Too often, myths perpetuated about foreign conflict mediation
have actually delayed swift resolutions, Wesleyan University
government professor Arman Grigorian said.

More than 35 professors and diplomats of the United States and
other nations attended the four-day, University-hosted
International Armenian Conference over the weekend. They examined
the political history of the Southern Caucasus, as well as the
current state of strife there, to discuss new approaches for peace
in the area.

The Southern Caucasus — a part of the former Soviet Union
north of the Middle East — consists of Armenia, Azerbaijan
and Georgia.

On the conference’s third day, during a panel on conflict
resolution in the Southern Caucasus, Grigorian warned against
resolutions to dilemmas that require many intermediary parties.

An issue of much contention, Grigorian pointed toward American
involvement in the Nagorno-Karabakh conflict in Armenia as an
example of third-party mediation that has been largely
unsuccessful.

The Nagorno-Karabakh conflict began in 1988 in a clash over
Soviet territory between Armenians and Azerbaijanis. By the fall of
the Soviet Union in 1991, full-blown war had erupted in the region.
Bloodshed eventually ceased in 1994, yet analysts say its
consequences are strongly felt between the two parties today and
political settlements have yet to be reached.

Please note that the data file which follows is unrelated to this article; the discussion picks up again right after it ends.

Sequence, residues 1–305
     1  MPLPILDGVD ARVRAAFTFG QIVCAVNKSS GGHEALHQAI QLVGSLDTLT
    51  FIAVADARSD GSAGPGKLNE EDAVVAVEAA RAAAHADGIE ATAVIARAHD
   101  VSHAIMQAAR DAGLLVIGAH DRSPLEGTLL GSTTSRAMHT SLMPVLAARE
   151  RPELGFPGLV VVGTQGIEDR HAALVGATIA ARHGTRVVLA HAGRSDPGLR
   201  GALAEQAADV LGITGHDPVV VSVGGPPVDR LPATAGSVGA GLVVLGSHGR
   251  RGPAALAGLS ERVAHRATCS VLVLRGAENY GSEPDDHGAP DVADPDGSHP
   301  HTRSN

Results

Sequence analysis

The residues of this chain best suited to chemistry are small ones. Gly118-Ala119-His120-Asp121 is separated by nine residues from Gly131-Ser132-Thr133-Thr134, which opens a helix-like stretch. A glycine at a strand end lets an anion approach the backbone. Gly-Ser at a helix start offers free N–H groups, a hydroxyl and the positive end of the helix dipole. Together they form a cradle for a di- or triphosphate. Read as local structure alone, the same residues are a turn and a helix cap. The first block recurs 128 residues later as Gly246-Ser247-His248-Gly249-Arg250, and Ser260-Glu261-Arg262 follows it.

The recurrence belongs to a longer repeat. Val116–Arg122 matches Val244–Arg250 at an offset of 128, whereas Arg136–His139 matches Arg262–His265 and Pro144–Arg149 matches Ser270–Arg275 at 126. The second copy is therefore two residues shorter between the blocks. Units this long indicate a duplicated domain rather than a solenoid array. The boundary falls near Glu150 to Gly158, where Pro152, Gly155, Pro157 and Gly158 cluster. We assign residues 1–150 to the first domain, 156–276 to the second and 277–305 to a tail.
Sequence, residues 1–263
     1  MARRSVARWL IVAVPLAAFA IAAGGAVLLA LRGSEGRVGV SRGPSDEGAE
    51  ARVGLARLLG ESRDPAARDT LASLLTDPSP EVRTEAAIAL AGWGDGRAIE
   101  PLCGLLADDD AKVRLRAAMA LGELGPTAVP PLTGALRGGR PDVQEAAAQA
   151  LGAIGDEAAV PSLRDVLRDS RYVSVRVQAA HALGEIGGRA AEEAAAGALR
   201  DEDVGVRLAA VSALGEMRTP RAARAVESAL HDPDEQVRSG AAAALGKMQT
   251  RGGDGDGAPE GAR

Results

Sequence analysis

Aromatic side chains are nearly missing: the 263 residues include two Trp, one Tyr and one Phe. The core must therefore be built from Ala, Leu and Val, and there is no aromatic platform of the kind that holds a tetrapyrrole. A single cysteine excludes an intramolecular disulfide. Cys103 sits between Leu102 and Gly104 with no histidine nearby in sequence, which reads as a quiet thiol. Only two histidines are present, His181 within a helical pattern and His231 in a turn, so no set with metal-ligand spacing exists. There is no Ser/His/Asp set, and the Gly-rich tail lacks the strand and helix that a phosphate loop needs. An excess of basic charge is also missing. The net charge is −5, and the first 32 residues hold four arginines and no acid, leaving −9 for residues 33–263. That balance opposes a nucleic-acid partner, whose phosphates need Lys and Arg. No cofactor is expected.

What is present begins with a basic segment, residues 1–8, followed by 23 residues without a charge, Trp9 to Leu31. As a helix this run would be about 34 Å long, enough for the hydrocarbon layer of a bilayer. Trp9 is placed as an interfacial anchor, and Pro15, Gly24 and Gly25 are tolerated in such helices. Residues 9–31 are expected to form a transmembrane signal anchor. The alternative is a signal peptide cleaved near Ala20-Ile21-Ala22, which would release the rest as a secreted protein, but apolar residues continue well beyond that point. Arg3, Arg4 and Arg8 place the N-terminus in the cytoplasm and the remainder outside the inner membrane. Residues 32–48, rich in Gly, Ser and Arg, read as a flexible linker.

Some, like Grigorian, feel that U.S. mediation efforts in
conflicts in the Caucasus have only made matters worse. He said the
United States and Russia, two countries with different interests,
have competed in the Caucasus instead of trying to help the
region.

“It’s easy to see me as favoring Russian mediation
— perhaps because I’m Armenian and Armenians tend to be
pro-Russia — but I don’t care which party (is given the
upper hand) as long as they’re seriously interested in
finding a solution,” Grigorian said.

LSA senior Steve Jebinak, who attended the conference on
Saturday and is researching the region, expressed his interest in
Armenian foreign and state relations. “I’m
investigating how regions that have broken away (from their
original country) do function as states, though they’re not
recognized diplomatically.” Armenia declared its independence
from the collapsing Soviet Union in 1991.

Tom de Waal, Caucasus editor and project coordinator of the
Institute for War and Peace Reporting, closed the panel by
suggesting that the weight of discontent among the people of the
Southern Caucasus lies not so much in the conflict itself, but in
the way the conflict is perceived.

“What’s in the mind is often the biggest obstacle to
the resolution of these conflicts,” Waal said. “The
differences are not that great; it’s the perceptions of
conflicts which extenuates those differences.”

Waal said he hopes that in the coming years, Armenians,
Azerbaijanis and Georgians will come to regard their shared past as
a source of unity.

Leave a comment

Your email address will not be published.